Wednesday, September 23, 2009


Let me say what the media cannot, for obvious reasons: The President of India has "blackmailed" the Congress party.

Only those living on another planet will argue that Rajendra Shekhawat, son of President Pratibha Devisingh Patil, could have literally arm twisted the Congress into giving him a ticket to contest in the forthcoming Assembly elections in Maharashtra without his mother's full backing. Both know well that she will not be President when the elections are held next: it was now or never for them to claim Amravati as the President's family jagir. The amount of pressure that must have been brought to bear upon the Congress is evident from the fact that Shekhawat has displaced minister for finance and energy Sunil Deshmukh who has won four elections from this constituency.

When the constitutional head of a country displays such impropriety, to put it mildly, it is no less than a big nail in the coffin of its system of governance. Unfortunately, such nails are being driven almost every day with a disturbing nonchalance that must shock every right thinking Indian.

But why blame Pratibha Patil? She is what she is and everyone knew that before she was picked for the top job personally by Sonia Gandhi.

The real question is: why was a person who seemed to be mired in scams and having a history of allegations of financial impropriety and nepotism, picked in the first place? And that too over the likes of APJ Abdul Kalam? There are many who say that the Congress was not looking for a President at all; a pliable and partisan rubber stamp is all that it wanted, no matter how tainted or unfit for the nation's top job. The same thing happened in the case of the Chief Election Commissioner; the Congress chose Naveen Chawla despite very serious charges of corruption and partisanship that were levelled against against him ever since he was made Election Commissioner.

This development also raises the larger question about where India's democracy is headed, and whether we should call it a democracy at all any longer? The reins of the nation are passing into the hands of a few hundred political gharanas who are taking the place of the princely families that ruled India for centuries. That is what has already happened in Pakistan with disastrous results.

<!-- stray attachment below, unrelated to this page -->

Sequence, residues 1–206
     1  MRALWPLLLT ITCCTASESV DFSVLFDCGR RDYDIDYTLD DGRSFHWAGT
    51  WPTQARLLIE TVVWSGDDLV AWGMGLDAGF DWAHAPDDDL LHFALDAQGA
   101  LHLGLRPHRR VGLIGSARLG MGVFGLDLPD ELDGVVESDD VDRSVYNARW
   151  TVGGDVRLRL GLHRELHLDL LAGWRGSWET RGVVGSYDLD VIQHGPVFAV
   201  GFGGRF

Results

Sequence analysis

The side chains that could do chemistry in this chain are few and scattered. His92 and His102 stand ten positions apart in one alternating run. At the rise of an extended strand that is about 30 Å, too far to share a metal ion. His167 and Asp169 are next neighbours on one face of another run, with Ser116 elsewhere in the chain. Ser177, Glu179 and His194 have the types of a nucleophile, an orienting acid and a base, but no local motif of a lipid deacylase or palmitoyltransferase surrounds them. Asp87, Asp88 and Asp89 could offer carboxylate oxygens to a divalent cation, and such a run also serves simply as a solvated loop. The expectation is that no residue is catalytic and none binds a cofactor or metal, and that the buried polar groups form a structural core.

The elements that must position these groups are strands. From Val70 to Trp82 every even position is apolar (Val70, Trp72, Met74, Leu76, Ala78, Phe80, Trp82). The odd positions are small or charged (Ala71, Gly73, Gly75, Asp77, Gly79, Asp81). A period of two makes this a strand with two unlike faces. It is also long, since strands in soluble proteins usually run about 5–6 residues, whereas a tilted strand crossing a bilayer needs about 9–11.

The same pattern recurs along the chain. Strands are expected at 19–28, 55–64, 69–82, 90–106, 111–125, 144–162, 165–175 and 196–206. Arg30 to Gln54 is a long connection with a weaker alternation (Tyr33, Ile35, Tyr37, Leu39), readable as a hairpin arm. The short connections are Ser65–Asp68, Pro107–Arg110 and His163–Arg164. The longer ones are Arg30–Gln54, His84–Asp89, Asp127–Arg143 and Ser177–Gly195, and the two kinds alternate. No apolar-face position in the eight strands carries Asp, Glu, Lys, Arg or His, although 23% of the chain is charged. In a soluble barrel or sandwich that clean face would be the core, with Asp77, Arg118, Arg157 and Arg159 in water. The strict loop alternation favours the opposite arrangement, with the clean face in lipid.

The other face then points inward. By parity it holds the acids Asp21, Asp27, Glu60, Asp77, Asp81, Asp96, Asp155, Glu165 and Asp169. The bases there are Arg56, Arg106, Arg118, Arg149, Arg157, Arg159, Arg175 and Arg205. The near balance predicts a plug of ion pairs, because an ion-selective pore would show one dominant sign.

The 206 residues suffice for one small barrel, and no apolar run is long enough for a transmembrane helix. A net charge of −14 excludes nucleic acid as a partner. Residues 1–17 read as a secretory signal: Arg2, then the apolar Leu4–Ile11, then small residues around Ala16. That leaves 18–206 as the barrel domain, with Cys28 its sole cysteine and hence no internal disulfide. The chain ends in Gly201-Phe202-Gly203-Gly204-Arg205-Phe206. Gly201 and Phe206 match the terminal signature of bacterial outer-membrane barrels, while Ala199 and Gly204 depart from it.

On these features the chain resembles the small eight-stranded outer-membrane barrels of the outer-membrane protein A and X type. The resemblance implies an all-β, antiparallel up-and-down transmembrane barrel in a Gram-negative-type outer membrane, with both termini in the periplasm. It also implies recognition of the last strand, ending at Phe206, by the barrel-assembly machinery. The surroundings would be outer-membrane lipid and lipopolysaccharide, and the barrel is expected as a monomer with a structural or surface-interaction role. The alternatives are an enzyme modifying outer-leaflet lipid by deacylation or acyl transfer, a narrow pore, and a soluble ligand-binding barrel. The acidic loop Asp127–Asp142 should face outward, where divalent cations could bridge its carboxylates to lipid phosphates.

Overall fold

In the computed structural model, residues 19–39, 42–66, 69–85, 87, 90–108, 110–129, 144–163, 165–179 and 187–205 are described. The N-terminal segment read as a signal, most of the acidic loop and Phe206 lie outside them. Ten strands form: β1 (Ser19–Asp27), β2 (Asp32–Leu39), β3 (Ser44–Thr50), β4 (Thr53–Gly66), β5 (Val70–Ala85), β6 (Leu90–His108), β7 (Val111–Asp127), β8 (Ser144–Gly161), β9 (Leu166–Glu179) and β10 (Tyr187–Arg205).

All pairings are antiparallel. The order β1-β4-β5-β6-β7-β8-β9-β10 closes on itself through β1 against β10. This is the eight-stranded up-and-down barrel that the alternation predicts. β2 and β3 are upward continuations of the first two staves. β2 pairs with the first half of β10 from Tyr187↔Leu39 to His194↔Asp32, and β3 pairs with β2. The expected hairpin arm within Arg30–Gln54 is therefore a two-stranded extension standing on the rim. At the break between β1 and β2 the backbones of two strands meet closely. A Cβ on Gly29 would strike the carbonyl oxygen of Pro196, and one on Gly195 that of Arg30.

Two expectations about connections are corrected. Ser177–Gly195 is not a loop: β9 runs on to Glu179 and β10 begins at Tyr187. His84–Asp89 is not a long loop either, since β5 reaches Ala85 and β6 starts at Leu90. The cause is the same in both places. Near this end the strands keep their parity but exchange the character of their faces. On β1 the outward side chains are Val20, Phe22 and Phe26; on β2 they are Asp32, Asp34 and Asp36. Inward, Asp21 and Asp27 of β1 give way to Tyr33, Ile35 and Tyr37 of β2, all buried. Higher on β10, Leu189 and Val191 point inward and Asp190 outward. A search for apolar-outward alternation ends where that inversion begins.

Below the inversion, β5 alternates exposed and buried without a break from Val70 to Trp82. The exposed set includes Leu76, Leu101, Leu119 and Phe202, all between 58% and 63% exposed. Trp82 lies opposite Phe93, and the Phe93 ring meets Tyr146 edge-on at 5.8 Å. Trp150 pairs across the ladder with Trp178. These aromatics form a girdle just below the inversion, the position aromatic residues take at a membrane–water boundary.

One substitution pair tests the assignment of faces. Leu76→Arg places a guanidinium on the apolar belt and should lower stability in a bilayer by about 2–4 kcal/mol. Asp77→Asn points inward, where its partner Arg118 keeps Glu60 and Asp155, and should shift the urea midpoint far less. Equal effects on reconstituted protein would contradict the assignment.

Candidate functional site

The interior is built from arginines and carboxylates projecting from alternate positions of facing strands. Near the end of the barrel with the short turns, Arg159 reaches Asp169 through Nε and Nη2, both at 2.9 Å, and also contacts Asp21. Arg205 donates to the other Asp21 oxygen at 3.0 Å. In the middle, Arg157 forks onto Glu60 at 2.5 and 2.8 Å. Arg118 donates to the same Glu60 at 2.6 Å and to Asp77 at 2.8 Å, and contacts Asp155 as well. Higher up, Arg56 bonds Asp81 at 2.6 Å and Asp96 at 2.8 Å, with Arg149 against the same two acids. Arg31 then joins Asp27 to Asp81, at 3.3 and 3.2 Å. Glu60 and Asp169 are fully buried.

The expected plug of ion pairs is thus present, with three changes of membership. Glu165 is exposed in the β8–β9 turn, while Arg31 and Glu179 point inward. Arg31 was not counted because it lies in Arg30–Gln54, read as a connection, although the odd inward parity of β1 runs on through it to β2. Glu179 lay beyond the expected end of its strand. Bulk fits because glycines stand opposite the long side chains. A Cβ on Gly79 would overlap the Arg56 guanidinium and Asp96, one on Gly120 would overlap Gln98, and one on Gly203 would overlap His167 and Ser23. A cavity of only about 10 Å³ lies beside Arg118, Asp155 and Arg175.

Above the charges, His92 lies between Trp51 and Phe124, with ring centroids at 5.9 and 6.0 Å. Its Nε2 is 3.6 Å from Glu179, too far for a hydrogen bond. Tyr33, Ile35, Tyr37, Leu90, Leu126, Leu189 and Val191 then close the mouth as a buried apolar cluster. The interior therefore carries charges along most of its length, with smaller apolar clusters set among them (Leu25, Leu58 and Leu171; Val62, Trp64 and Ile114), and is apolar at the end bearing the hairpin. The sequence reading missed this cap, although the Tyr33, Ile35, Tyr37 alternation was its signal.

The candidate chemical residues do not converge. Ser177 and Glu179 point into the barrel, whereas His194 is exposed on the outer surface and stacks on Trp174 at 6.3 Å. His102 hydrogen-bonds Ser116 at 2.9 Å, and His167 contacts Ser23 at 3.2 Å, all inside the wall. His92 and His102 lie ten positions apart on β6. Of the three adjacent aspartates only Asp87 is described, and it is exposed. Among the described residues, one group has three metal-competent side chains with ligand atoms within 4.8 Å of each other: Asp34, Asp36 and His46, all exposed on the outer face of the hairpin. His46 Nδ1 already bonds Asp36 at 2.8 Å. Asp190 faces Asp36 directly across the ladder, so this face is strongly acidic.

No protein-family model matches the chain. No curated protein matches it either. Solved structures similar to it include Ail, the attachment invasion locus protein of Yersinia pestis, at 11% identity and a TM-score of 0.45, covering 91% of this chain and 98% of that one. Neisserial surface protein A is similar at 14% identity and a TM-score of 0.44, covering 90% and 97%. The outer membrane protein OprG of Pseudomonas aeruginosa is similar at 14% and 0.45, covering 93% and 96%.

Why have things come to the stage where even the President is compelled to throw all constitutional propriety and morality out of the large windows of Rashtrapati Bhawan to ensure dynastic succession? It is because politics has become the best vehicle to acquire untold riches and power quickly. With so much available for the asking so easily, no questions asked, once someone makes it big, he has no choice but to ensure that his family continues to enjoy that for generations to come.

In an earlier post, I had argue that the proposal to reserve 33% seats for women in Parliament will not empower women at all; it will only make political gharanas even more powerful and restrict the pie of political power and pelf to very few political families, and make a total mockery of democracy. What the President has done should leave no doubt in any one's mind any more.

Is there any hope that things will get better?

Long ago, it seems, the BJP emerged as a vibrant alternative to the Congress. People may say it was because of aggressive 'Hindutva'. While that may have helped the party to quickly increase its footprint in the country, I think many more people were attracted to it because of two USPs that set it apart from the Congress. One was that there was no dynasty in the party and the second was that its leaders were seen as honest and effective.

Let us not forget that at one time there was a very strong anti-Gandhi family undercurrent in this country. Many people deeply resented the manner in which that dynasty had turned the party of Mahatma Gandhi into its personal jagir. Similarly, there were many Indians who despised the total absence of honesty in most leaders of that party.

The BJP was the first national alternative that promised a real change along both these dimensions. Unfortunately the party is now no longer distinguishable from the Congress. Two successive defeats should have taught the BJP the right lessons but they haven't. Greed has claimed it too. In the bargain, the party has most foolishly shot itself in the foot and helped the Congress legitimise and perpetuate the dynastic rule and unbridled corruption that define it, and that Indians once wanted to rid themselves of, but have now accepted with resignation.

That is why even the President has been emboldened to virtually extort her share of the dynastic pie in India's political landscape. She knows only too well that there is no leader or party now that can claim a moral high ground and tear her apart, much less offer the alternative that this country desperately needs.

When ordinary citizens start justifying what the President has done by saying that even wives of criminals locked in jail are given tickets, you get the sinking feeling that the erosion of the nation's values is now almost complete. India is inexorably sliding into an abyss of corruption and public immorality from which it cannot emerge unscathed. Management guru CK Prahalad is right: India will have to face a volcano. Sooner or later.